Is big really better when it comes to batteries?
Can a fleet of home batteries deliver the same benefits as large storage connected to the network or a generator?
To find out, ARENA engaged consulting firm AECOM to explore the pros and cons of deploying battery storage at different points in the electricity network.
With AEMO forecasting that a massive volume of energy storage will be needed within the next two decades to support a grid dominated by renewables, the merits of different technologies are being hotly debated.
On face value it makes sense to add storage to the nearly 2.2 million solar households around the country, but can virtual power plants of aggregated “garage” batteries actually compete with a large scale “grid” installation?
What roles can batteries play in the transition to renewables?
To assess the value of the grid and garage options, AECOM looked at the range of services that batteries can offer and their economic value, both for the electricity system and the battery owner. This included:
- Load shifting,
- Consumer bill management
- Frequency stability services
- Voltage support services
- Reliability and backup power.
Some of the benefits are more obvious than others. Of course batteries can store wind and solar power to cover lulls in generation, but they can also inject power into the grid with lightning speed to keep the lights on if there is a major outage. The first handful of grid scale batteries have proven effective at regulating the frequency and voltage of the network, and behind the meter storage is saving consumers money on their electricity bills.
These services are helping to make the most of variable renewable generation and avoiding, or at least deferring, the need for investment in new electricity generation and transmission infrastructure. There are also fuel savings from the reduced demand for fossil fuel generators, both in meeting day-to-day supplies and particularly expensive occasional peaks.
Which battery energy storage system configuration is best?
The study considered seven different scenarios — three placing batteries in front of the meter in the high, medium and low voltage network, and four looking at different behind the meter installations for residential and commercial applications.
To view the full figure, refer to Executive Summary, page iii of the Grid vs Garage report.
The project found that both grid and garage batteries offer benefits for the electricity market and owners, but that positioning them on the low voltage network was the most effective option. This allows expenditure on distribution upgrades to be deferred, creating the most value for the electricity system.
However, the study found that the system and commercial benefits did not align, with battery storage in the medium voltage network able to provide the most commercial value. The authors speculate that this is a possible reason for the limited investment in battery storage in the low voltage network across the NEM to date.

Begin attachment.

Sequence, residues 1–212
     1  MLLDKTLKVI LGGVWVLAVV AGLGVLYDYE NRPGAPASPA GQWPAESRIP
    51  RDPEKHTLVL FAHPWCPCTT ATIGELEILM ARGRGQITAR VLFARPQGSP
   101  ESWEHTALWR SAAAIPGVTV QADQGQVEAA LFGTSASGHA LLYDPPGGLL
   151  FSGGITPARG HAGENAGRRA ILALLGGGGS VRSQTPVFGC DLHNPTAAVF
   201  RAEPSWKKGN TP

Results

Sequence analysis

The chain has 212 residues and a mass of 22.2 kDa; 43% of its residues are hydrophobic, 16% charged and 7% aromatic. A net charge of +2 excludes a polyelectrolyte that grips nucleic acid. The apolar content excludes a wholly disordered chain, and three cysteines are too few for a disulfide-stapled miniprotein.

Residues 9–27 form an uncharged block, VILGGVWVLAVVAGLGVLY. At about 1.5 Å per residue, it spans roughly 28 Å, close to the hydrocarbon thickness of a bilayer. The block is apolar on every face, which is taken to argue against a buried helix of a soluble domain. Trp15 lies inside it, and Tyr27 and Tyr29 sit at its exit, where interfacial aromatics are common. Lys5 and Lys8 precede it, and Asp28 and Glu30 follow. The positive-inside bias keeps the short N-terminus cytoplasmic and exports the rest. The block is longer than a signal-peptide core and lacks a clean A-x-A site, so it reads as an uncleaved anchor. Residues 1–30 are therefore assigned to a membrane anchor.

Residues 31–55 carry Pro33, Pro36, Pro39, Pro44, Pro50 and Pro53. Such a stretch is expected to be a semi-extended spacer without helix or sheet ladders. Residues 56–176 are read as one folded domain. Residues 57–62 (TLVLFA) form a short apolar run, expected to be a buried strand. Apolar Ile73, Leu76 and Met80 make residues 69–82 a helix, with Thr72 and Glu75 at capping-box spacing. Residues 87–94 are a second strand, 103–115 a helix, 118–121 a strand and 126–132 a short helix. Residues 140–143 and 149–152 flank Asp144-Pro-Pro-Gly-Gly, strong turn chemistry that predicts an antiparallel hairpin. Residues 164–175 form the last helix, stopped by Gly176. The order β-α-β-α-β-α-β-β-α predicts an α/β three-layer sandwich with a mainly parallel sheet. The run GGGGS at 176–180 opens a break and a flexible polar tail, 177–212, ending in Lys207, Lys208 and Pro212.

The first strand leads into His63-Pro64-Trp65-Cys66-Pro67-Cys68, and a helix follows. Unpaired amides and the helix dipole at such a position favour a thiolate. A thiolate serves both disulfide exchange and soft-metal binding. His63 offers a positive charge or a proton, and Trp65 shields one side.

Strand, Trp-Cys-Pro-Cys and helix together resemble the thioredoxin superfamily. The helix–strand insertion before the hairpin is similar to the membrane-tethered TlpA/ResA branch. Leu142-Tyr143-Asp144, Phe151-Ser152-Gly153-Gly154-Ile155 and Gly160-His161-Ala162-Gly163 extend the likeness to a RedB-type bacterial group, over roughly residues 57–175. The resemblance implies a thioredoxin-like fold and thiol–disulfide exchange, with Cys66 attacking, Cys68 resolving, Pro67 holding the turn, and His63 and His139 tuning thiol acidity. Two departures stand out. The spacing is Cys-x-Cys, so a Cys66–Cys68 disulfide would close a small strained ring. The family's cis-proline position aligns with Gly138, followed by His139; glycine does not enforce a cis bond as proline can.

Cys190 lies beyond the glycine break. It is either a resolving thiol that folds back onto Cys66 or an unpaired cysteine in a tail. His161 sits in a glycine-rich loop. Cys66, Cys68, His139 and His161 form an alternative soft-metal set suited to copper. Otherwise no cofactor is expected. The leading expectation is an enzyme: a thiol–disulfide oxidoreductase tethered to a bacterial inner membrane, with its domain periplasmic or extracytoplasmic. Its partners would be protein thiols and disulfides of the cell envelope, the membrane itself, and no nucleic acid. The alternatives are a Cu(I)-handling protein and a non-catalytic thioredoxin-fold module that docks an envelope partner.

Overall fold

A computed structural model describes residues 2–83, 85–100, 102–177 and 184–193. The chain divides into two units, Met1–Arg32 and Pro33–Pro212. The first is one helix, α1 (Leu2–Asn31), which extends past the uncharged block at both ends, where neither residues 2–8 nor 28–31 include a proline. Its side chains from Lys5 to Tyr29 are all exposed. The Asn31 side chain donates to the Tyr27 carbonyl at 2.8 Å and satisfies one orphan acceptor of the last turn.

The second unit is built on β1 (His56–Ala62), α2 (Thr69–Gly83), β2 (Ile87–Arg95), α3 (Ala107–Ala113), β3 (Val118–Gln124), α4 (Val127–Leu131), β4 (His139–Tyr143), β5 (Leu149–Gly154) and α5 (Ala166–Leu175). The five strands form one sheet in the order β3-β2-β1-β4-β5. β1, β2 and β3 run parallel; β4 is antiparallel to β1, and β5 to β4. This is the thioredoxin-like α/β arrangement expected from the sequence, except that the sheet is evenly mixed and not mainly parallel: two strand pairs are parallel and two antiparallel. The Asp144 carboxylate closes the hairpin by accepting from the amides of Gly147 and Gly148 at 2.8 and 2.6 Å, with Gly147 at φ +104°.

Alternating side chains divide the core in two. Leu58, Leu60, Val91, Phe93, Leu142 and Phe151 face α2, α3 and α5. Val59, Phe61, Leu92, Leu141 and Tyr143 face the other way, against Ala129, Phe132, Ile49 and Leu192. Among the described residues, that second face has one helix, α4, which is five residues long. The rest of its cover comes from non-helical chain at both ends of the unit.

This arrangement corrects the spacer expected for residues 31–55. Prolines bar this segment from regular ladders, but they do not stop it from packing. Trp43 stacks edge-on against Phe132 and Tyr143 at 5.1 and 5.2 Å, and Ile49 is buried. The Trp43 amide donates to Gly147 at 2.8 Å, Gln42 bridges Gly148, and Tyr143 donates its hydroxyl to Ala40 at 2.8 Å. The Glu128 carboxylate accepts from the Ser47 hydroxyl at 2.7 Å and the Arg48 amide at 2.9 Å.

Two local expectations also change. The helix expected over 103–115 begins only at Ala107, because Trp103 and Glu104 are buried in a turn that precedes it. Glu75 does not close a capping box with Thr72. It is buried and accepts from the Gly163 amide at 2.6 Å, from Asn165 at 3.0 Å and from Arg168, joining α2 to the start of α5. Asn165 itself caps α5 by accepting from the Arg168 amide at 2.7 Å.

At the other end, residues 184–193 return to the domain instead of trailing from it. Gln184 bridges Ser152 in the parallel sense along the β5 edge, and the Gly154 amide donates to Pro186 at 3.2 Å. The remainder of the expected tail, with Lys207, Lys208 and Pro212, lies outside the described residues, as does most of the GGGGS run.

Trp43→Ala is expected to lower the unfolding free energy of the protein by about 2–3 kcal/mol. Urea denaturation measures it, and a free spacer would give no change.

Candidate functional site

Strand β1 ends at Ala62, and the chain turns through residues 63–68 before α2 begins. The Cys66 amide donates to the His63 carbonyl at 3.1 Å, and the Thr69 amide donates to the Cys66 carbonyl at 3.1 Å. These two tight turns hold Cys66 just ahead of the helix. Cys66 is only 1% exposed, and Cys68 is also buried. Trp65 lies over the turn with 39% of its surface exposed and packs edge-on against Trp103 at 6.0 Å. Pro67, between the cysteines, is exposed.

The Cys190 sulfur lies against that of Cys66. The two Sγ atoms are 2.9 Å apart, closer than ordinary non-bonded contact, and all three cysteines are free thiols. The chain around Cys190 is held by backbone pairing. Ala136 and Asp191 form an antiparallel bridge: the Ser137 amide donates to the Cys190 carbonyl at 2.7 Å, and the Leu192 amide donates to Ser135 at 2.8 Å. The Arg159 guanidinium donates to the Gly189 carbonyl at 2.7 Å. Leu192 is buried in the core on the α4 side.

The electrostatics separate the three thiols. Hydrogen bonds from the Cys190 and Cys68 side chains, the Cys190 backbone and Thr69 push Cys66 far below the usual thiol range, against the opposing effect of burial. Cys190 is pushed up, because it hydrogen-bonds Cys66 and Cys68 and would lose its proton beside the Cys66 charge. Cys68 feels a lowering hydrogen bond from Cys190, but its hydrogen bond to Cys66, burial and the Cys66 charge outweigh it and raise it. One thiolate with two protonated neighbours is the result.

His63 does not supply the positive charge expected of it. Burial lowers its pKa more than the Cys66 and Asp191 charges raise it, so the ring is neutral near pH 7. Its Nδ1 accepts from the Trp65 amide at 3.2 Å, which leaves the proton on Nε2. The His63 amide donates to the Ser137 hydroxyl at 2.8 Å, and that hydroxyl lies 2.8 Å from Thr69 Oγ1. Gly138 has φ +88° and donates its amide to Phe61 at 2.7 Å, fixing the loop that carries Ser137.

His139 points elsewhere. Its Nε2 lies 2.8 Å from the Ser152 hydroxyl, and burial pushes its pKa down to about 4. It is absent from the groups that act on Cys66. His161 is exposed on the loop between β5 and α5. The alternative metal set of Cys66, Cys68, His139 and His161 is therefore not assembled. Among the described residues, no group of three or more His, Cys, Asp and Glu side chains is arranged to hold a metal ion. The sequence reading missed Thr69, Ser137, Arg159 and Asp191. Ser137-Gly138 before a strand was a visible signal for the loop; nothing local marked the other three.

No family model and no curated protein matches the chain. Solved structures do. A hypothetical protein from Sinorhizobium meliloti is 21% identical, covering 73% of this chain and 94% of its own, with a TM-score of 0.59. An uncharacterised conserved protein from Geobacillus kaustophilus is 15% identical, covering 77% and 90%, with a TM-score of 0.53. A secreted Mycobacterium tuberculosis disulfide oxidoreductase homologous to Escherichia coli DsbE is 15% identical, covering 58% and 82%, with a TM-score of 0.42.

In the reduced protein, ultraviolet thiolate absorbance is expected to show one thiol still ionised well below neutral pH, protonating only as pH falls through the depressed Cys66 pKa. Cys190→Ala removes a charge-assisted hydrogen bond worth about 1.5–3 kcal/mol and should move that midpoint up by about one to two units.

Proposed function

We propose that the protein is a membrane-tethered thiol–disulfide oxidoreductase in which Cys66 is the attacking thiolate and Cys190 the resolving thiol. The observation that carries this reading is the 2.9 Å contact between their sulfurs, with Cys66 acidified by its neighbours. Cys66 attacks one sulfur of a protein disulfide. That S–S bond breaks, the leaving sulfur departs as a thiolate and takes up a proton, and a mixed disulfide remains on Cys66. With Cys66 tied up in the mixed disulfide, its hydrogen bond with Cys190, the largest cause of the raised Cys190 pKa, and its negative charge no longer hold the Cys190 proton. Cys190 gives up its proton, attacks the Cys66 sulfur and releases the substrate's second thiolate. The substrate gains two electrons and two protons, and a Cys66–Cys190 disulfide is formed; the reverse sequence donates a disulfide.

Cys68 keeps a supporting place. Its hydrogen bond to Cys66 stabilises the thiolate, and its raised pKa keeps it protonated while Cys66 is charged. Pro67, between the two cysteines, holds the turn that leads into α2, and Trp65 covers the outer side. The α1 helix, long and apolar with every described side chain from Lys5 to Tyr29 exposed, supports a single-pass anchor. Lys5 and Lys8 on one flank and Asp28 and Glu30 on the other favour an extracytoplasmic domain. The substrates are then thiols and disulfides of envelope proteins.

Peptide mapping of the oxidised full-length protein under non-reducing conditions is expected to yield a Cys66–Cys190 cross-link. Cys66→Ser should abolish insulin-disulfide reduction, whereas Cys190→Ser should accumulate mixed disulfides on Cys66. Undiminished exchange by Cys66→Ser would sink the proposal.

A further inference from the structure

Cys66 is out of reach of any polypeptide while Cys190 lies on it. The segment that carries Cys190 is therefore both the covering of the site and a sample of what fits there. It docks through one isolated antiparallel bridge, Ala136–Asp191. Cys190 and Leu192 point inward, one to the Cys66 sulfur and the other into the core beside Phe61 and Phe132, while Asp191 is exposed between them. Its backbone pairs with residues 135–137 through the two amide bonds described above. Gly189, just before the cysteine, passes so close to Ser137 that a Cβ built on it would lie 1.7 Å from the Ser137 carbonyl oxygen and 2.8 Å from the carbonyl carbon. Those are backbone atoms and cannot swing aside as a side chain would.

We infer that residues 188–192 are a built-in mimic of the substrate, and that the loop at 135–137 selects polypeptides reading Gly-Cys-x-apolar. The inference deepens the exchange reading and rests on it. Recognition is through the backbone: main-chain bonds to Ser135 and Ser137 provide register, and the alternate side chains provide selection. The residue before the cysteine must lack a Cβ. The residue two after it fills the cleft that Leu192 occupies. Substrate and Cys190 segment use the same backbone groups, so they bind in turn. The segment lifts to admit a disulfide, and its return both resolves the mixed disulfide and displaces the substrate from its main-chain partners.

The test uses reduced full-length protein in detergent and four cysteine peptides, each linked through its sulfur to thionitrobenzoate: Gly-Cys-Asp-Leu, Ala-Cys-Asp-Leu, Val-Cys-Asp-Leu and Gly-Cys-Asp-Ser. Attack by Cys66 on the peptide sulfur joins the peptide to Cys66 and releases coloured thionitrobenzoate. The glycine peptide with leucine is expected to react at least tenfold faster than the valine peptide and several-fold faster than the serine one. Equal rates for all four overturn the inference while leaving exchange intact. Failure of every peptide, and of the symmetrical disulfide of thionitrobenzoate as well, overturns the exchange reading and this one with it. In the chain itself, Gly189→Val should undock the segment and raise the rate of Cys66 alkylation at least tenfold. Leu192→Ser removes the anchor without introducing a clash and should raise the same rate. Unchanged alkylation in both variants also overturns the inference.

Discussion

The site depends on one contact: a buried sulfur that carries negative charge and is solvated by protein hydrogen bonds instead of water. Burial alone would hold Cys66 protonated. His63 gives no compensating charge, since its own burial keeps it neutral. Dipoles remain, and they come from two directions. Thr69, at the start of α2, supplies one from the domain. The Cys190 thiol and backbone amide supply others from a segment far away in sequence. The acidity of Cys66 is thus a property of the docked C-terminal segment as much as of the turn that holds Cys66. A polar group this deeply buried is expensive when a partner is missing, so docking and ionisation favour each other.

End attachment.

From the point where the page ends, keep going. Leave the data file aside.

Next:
For garage systems, batteries that can be controlled remotely to respond to network signals offer greater benefits to the system and higher commercial returns.
Both grid and garage batteries can help to defer investment in new generation and transmission, reduce transmission and distribution losses and lessen the amount of unserved energy (demand that cannot be met in a particular region).
While both can compete to deliver the services that lead to these results, there are other benefits that each are uniquely positioned to deliver. For example, grid batteries can maximise the use of electricity from utility scale wind and solar, where garage batteries capture the most value from rooftop solar.
Grid storage can reduce the fuel bill for gas peaking plants, where garage batteries can lessen diesel bills for industrial or commercial sites which rely on generators.
Installed in strategic locations, grid batteries can delay capital expenditure in distribution networks, while garage systems can provide direct electricity bill savings for households.
What does this mean?
The report highlights some of the implications from the findings for policy makers, network operators, market bodies and battery owners.
Given the market is growing at both the grid and garage scale, the authors state a need to balance the installation of small and utility scale storage to service the particular roles they can play.
Recognising that large scale batteries can support the operation of the electricity system, they say supporting projects to access competitive finance will help more to be built.
Equity issues are also flagged if tariffs rewarding battery owners for services that benefit the system increase the cost of electricity for those without solar or batteries.
Read the Grid vs Garage report.